Cable Ratings Impacted By Streaming Rivals

Watching-TV-ABC-BSome traditional cable TV program ratings may be affected by Netflix, Amazon and other services that offer up rerun programming, per a media analyst.

A number of major cable programming groups have seen viewership declines, most recently in the second quarter of 2012. Anthony DiClemente, media analyst of Barclays Capital, believes more competition could be the reason.

“We believe most of the ratings weakness is concentrated in syndicated and rerun programming, a genre that now has more direct competition from online platforms like Netflix, iTunes, and Amazon,” writes DiClemente.

“As such, we believe live sports and originals are increasingly important to the economics of both cable and broadcast programmers. Despite the anemic industry trends, Discovery continues to operate on a different tier, and has thus far, posted ratings growth of 16% in the 2Q.”



DiClemente notes that second-quarter to-date ratings are a bit better than first-quarter numbers -- but still nothing to write home about.

He says through May 27, five of the eight major cable programmers were flat or down in the quarterly ratings -- AMC Networks was off 13% year-to-year; Viacom networks down 10%; NBCU channels losing 10%; Time Warner networks off 5%; and Disney channels were flat.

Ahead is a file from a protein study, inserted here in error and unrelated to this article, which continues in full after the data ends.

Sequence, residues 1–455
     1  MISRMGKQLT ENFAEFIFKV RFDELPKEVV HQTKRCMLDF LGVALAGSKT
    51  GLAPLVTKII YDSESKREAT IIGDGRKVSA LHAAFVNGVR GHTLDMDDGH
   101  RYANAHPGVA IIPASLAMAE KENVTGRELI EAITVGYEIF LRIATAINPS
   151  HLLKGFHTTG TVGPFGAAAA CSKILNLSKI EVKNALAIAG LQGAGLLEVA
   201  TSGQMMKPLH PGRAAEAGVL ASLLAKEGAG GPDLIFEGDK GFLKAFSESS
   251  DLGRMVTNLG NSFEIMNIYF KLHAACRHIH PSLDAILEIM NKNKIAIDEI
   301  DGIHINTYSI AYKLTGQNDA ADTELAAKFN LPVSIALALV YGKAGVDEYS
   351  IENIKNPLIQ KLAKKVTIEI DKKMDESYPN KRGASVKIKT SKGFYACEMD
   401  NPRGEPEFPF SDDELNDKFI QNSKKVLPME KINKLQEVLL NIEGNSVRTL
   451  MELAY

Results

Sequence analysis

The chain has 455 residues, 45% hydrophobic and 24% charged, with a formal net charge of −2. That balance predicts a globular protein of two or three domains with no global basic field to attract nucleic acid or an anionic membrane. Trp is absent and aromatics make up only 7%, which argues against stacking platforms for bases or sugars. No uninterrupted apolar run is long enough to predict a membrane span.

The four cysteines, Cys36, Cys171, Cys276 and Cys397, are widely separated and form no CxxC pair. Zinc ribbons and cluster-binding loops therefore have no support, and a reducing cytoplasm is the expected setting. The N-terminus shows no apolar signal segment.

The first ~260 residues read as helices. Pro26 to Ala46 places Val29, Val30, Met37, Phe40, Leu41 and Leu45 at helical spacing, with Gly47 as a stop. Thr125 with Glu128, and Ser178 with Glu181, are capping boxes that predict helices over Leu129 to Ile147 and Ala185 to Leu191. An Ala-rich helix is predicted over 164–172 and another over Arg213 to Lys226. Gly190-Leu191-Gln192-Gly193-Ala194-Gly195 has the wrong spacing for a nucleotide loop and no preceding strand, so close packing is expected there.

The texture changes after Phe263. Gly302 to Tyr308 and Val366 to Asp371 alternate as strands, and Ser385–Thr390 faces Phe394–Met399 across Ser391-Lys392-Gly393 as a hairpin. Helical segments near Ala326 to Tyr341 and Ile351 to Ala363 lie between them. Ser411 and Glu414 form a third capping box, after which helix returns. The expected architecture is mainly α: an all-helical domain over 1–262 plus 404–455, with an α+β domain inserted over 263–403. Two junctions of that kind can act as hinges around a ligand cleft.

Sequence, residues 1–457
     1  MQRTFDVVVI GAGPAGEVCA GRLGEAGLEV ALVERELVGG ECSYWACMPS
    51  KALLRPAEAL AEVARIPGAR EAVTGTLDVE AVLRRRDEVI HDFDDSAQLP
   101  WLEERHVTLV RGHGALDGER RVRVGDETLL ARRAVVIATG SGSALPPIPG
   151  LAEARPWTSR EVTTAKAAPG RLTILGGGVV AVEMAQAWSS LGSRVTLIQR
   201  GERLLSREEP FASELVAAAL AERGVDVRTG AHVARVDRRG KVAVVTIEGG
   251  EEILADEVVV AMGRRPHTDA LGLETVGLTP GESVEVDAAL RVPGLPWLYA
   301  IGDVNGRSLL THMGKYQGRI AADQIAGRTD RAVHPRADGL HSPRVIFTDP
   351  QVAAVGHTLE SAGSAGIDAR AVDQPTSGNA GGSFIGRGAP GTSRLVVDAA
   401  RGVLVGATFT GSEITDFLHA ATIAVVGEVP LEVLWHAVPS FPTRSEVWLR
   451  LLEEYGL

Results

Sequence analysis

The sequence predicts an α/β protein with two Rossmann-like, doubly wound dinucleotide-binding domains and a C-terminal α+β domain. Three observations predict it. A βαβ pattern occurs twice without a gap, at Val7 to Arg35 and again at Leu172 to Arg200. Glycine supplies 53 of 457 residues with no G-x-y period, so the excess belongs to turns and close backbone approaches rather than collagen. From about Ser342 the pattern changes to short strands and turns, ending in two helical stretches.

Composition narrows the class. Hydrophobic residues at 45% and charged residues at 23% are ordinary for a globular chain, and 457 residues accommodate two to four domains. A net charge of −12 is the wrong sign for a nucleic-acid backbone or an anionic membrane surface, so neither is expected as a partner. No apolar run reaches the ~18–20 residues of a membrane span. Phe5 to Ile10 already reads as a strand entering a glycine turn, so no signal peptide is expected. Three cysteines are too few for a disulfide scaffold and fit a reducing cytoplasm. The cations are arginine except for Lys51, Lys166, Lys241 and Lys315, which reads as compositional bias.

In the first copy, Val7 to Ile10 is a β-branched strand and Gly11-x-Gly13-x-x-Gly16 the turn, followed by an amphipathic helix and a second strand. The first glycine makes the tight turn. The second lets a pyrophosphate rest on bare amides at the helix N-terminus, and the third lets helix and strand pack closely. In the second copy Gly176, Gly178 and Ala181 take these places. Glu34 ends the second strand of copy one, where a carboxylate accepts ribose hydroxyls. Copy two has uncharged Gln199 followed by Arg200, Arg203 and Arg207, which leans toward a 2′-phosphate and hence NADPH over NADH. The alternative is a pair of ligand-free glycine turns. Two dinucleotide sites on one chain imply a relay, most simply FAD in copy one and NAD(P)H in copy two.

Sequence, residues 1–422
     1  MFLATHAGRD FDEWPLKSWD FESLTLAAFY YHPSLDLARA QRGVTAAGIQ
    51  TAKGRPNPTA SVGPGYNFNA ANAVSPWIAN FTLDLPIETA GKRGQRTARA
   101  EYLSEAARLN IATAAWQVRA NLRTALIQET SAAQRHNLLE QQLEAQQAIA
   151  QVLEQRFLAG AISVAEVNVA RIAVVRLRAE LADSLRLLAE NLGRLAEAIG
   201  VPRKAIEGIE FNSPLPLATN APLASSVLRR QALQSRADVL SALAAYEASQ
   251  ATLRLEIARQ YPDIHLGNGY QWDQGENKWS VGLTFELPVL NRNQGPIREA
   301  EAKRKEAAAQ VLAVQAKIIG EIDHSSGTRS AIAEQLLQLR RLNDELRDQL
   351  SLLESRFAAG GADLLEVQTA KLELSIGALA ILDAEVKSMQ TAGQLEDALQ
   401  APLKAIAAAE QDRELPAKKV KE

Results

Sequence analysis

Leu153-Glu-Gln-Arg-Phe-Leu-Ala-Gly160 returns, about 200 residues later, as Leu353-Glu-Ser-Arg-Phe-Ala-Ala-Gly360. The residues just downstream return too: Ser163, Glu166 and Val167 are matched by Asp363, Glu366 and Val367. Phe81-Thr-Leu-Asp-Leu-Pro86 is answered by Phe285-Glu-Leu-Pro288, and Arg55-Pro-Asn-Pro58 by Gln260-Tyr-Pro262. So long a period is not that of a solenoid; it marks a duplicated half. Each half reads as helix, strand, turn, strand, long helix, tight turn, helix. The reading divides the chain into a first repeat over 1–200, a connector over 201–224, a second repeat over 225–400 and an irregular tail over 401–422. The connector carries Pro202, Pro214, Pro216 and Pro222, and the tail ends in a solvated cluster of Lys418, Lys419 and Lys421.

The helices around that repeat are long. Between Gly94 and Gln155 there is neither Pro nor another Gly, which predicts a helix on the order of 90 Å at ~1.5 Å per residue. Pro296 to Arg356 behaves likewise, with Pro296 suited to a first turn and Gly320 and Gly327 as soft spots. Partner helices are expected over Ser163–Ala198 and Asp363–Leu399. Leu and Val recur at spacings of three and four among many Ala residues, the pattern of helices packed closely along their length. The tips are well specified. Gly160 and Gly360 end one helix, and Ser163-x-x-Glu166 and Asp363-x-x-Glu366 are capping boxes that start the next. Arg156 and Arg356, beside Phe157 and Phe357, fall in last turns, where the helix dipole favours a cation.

Media analysts have theorized that a sudden viewership decline in some kids' networks -- in particular Nickelodeon -- was due to more programming being made available on subscription video-on-demand services like Netflix.

3 comments about "Cable Ratings Impacted By Streaming Rivals".
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  1. Doug Garnett from Atomic Direct, June 4, 2012 at 6:33 p.m.

    Interesting to note that these shifts increase the need for original programming. It's no longer enough for a cable network to re-hash reruns of past programming.

  2. Doug Garnett from Atomic Direct, June 4, 2012 at 7:10 p.m.

    Oh. And, once again the new "net distribution" runs the very strong possibility of merely undercutting the economic system that creates great programming. It siphons off the ad revenue, but lacks economic power to replace the programming that's lost.

  3. Nate Carter from NA, June 5, 2012 at 8:22 a.m.

    As long as there is "increased competition" as stated above, there will be plenty of demand for top programming driving all the revenue needed for great production. That said the idea of "Must See TV" on a Thursday night is a thing of the past.

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